Standby Current of a USB Car Charger ➝

Big Mess o’ Wires:

Is a constant 14.2 mA draw enough to worry about discharging the car’s battery? Probably not. From a few quick searches, I learned that a typical car battery has a capacity of around 40 ampere hours. At 14.2 mA, it would take 2817 hours or 117 days to completely discharge the car’s battery. Assuming I drive the car every day, then, it’s not a concern. Even parking the car for a week or two should be fine. But if I ever need to leave the car in storage for an extended period of time, that 14.2 mA could add up. Of course the car itself has its own standby current draw for the anti-theft system and keyless entry, so the USB charger may not even be the largest concern. For typical driving, at least, it appears the USB charger’s standby current draw won’t be a problem.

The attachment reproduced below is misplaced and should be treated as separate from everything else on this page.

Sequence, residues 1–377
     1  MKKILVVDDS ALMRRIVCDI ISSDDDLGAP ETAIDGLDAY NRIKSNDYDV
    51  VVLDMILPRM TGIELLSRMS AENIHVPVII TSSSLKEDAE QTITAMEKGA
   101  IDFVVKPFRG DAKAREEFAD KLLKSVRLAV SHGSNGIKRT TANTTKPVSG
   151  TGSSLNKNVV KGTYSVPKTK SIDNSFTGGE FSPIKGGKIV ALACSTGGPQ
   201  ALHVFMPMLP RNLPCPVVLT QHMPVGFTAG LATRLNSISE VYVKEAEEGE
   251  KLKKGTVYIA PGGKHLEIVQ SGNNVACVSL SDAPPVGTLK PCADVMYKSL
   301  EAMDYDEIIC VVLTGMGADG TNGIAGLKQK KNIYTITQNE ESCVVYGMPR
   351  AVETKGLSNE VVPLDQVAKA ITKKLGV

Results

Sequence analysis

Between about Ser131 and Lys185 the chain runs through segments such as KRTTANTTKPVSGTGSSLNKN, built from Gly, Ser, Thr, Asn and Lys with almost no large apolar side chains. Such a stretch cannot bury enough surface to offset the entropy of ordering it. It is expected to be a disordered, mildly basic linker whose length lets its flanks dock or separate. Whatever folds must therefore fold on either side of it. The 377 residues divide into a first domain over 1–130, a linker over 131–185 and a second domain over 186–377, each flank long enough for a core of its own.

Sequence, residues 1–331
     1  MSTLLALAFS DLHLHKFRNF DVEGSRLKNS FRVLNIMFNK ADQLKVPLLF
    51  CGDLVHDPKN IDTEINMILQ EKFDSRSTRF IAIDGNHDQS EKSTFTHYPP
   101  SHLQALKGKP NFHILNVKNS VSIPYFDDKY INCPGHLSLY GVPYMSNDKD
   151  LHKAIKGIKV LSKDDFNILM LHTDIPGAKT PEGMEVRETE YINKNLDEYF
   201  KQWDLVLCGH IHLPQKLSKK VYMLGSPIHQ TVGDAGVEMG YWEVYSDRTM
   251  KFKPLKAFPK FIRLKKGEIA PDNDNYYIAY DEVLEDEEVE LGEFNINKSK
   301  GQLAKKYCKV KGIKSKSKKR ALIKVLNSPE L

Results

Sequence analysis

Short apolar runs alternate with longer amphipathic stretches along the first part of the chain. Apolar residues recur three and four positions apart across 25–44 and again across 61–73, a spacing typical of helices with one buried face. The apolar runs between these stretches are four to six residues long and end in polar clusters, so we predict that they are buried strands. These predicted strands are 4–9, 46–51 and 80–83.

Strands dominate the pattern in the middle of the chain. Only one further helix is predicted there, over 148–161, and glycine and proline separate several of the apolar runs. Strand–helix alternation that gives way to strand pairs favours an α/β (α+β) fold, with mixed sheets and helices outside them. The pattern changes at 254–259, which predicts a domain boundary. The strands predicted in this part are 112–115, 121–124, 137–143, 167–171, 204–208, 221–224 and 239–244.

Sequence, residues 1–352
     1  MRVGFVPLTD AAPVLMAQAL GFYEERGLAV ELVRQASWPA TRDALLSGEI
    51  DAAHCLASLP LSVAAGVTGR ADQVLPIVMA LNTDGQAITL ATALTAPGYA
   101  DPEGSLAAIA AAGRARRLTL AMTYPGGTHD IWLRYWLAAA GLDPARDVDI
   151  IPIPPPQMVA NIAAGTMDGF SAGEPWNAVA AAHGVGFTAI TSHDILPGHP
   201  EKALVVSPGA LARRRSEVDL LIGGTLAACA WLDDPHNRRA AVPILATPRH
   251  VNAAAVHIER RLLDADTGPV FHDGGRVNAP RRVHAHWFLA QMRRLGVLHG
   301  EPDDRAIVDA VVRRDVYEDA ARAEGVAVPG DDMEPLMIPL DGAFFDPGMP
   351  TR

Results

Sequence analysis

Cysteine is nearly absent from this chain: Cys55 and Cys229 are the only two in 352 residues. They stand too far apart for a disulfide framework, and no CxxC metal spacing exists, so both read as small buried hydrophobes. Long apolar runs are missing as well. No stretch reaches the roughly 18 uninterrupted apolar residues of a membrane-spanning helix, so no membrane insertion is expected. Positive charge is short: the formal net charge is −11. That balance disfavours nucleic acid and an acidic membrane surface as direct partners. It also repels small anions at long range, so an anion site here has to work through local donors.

I thought it was unlikely that leaving a car charger plugged in would drain your battery, but I never had the courage to just leave it that way. The last thing I need is a car that won’t start because I was too lazy to unplug the thing. But now that I know it’s safe to do so, I won’t even worry about it.